An exemption from UK value added tax (VAT) applies to the supply by an eligible body of education and vocational training. The exemption also applies to research if supplied to another eligible body. An eligible body is a school, college, university, local authority, health authority, government department, or a body (for example a charity) that is precluded from distributing profits. In the latter case, to receive the exemption the body must plough back the profits from the educational services into the business, so the trading subsidiary of a charity for example would not be covered by the VAT exemption for its educational supplies.
The UK VAT law does not define education or specify where it should be supplied. The view of HM Revenue and Customs is that the exemption applies to a course, class or lesson in any subject whether or not that subject is normally taught in schools, colleges or universities, and wherever it takes place.
For the purposes of the VAT exemption, a supply of education includes lectures, educational seminars, conferences and recreational courses. The VAT exemption also applies to distance learning provided that the student is assessed by the educational institution.
Research is only VAT exempt where it is supplied to another eligible body. When such services are supplied by one eligible body to another, it is important to distinguish between research (which is exempt) and consultancy (which is subject to VAT at the standard rate). Research might be supplied to another eligible body, for example, in connection with a joint project.
Vocational training for the purposes of the VAT exemption is defined as training or retraining for a trade, profession or vocation, or voluntary work in connection with education, health, safety, welfare, or carrying out charitable activities. The exemption would apply to providing work experience through training schemes for the unemployed.
Courses that teach English as a foreign language are VAT exempt regardless of who provides them, so the provider does not need to be an eligible body to obtain the exemption in this case. The VAT exemption applies to the actual teaching of English as a foreign language, to items forming an integral part of the course and to closely related supplies if they are directly for use by the student and are necessary for delivering the service of education.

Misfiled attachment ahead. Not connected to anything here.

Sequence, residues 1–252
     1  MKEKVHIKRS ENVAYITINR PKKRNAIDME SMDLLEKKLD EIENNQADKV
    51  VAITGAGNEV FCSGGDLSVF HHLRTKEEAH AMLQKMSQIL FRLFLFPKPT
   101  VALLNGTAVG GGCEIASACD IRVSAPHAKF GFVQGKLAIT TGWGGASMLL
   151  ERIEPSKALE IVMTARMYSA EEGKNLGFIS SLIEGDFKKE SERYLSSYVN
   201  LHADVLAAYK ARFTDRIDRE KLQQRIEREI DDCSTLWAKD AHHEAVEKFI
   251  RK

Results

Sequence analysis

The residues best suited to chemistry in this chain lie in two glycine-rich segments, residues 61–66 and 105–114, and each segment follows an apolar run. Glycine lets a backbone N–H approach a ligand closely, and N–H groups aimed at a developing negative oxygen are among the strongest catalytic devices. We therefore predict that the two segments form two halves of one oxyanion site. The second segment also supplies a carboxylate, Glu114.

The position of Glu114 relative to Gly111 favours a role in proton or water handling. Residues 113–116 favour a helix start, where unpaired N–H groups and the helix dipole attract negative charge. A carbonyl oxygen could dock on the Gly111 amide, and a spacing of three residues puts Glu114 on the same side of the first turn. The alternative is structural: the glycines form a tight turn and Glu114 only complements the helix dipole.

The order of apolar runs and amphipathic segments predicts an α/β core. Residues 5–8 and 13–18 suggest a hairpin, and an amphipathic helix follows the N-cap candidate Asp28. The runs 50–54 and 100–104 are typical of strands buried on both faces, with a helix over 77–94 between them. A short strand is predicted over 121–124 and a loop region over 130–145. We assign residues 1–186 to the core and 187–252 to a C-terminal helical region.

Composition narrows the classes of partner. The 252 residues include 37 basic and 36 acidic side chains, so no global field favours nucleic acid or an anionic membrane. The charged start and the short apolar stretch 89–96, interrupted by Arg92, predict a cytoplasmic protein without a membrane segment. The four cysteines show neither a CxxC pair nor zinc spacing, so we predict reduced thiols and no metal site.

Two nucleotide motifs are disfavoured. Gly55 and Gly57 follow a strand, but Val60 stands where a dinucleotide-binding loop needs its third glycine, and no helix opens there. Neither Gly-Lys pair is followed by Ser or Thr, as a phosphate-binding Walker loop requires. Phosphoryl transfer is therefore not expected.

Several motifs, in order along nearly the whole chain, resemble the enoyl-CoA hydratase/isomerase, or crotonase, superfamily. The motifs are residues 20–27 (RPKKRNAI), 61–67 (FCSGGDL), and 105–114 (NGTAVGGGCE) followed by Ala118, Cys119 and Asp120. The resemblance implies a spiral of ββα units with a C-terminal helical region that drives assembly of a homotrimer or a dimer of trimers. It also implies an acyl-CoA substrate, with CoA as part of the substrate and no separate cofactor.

Fees for private tuition are exempt from VAT if the tuition is in a subject normally taught in a school or university, by an individual teacher who is working independently of an employer.
Examination services are exempt, including the setting and marking of exams, maintaining educational training standards, course accreditation and certification. The VAT exemption applies where the examination services are provided to an eligible body or to a person receiving exempt educational training.
Goods and services that are closely related to exempt supplies of education are also exempt. This would include supplies provided for the direct use of the students by the eligible body educating them, or by a second eligible body. This does not however include the sale of goods from campus shops.
Vocational training, and the supply of goods and services essential to the training if supplied by the same person who is giving the training, are exempt from VAT if funded under the Education and Training Act 1973 and similar laws applicable elsewhere in the UK. Provision of vocational training that is funded by certain specific UK government or EU bodies is also exempt.
The provision of facilities by a youth club or its members is also VAT exempt. A youth club is defined as a non-profit body promoting the social, physical, educational or spiritual development of its members, who are mainly under twenty-one years of age.
HM Revenue and Customs www.hmrc.gov.uk
“Value added tax” by Andrew Needham and Steve Allen, Bloomsbury Professional, 2009